“I’ve been absolutely terrified every moment of my life and I’ve never let it stop me from doing a single thing I wanted to do.”
~ Georgia O’Keefe
When I look at the women I admire, they have all taken risks. There’s Lila, my first yoga teacher and mentor, who closed her studio, moved to Canada, and has gone back to school to study Chinese Medicine. There’s Melissa, my friend who took the daring leap and began writing her first novel. Another left a marriage. Another gave birth to her third boy.
My grandmother had six boys and divorced my grandfather when three of them were still young. My mother married my father; gave birth to me; and continues to risk the pain of separation by making friends no matter how many times she and dad move.
Every day the #AmyPohler’sSmartGirls Instagram feed posts profiles of women and girls, dead and alive, celebrating their achievements. I am struck by the grainy, black and white photos of feminists, and chemists, and painters who look so staid and strangled in their Victorian portraits; whose outer worlds must have been littered with barriers; and whose interior lives must have been on fire. I am in awe of young girls and teenagers — the new generation of scientists, activists, artists — blazing their own paths in the brambles of this difficult world.
Anais Nin famously wrote, “And the day came when the risk to remain tight in a bud was more painful than the risk it took to blossom.” Which feels so appropriate this Spring. Looking back, many of what I consider to be the big risks of my life took place during this season of blooming. I got married in the Spring. Cole was born in the Spring. I ended my marriage in the Spring. I told my high school boyfriend, “I like you more than I should,” in the Spring. I wrote the bulk of my novel in the Spring.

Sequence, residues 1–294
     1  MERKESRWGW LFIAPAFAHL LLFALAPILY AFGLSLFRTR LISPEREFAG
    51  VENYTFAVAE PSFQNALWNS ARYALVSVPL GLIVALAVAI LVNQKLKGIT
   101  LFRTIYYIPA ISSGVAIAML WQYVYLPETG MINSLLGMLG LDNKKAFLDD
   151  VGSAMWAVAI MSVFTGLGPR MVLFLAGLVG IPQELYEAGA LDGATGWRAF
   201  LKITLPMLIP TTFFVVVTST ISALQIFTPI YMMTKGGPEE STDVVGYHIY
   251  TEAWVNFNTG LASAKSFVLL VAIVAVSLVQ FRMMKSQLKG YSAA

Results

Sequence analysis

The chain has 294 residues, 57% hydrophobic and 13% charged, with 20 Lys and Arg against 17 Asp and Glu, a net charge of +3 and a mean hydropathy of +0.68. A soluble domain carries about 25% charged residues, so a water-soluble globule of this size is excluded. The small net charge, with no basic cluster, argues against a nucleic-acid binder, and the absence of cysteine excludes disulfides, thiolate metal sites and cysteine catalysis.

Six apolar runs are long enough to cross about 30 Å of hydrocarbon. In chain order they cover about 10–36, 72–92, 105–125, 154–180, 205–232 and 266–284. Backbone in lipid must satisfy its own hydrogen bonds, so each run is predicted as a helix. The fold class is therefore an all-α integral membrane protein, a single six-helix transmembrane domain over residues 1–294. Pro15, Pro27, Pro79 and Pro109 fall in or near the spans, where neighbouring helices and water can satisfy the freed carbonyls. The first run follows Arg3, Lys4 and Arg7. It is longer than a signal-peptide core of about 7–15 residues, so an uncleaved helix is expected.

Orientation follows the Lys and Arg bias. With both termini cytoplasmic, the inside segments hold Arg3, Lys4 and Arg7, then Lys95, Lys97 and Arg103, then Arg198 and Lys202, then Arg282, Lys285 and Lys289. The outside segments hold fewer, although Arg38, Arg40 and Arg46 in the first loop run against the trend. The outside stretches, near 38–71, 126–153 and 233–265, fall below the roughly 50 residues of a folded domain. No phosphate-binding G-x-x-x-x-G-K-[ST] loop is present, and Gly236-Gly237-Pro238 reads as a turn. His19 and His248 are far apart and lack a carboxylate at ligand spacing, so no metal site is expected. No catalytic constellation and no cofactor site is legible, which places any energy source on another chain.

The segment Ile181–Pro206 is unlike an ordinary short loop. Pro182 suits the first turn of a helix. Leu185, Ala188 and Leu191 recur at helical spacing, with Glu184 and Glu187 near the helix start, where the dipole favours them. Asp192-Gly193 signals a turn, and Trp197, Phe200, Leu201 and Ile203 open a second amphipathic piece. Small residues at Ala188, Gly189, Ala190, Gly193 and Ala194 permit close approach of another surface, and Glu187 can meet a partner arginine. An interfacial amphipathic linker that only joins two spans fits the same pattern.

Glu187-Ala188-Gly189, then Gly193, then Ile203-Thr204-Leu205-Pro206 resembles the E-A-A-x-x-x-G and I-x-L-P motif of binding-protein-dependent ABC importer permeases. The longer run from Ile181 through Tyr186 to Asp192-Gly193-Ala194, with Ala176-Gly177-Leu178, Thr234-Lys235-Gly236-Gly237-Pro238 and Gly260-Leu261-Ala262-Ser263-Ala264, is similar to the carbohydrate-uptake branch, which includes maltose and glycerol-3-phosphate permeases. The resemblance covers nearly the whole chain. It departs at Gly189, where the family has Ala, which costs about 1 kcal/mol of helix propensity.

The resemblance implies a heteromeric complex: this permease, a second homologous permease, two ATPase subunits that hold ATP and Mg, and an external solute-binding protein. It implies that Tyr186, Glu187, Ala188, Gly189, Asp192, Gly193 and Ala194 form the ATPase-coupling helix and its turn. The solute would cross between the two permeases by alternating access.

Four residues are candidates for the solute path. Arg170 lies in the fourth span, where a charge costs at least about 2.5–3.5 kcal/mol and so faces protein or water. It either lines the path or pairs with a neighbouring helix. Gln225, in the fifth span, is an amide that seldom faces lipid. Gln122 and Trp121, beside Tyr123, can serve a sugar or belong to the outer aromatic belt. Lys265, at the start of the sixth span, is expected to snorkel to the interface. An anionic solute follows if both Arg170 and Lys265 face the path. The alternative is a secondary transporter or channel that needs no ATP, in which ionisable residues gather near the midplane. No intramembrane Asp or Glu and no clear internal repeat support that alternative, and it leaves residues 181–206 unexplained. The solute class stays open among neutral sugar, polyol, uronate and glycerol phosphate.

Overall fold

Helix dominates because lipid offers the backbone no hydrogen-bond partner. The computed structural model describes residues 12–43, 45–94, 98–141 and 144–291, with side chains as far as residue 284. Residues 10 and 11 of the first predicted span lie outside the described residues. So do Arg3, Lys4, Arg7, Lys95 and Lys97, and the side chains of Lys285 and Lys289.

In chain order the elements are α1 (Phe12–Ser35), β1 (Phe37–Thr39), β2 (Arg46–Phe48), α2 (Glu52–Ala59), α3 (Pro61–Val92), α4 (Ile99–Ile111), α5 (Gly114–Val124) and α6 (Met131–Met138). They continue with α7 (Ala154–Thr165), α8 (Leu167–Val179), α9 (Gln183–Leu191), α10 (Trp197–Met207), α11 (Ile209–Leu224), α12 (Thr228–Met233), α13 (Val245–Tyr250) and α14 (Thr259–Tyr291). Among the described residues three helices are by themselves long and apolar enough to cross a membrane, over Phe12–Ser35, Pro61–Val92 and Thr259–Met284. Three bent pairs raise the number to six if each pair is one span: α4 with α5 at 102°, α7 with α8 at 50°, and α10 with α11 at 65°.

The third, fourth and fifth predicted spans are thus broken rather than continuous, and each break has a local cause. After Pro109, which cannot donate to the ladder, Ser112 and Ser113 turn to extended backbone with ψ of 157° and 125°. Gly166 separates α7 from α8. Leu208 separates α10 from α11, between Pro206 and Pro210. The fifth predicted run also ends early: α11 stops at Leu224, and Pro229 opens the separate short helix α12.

I started teaching yoga in the Spring. Today is the eleventh anniversary of the moment I stepped onto the mat as a teacher for the first time and promptly forgot everything I planned to say. For the next ninety, excruciating minutes I said nothing more eloquent than, “Inhale, right foot forward. Exhale, left heel to the floor.”
Each risk, no matter how small, felt BIG. Each time I felt the courage and fear I imagine daffodils must experience when they peak out of the ground at the end of February and wonder if this is the year they will be killed by frost. But even if they don’t blossom one year, they try again the next. And the next, and the next, and the next.
Perhaps this is what it means to live in the Spring. To muster all of the energy stored up in the dark of Winter and step out into unstable temperatures with the fierce hope that you can be the lovely thing you know you are. To push up through the earth and bare one’s face to the unforgiving sun because it is time to take a risk and bloom.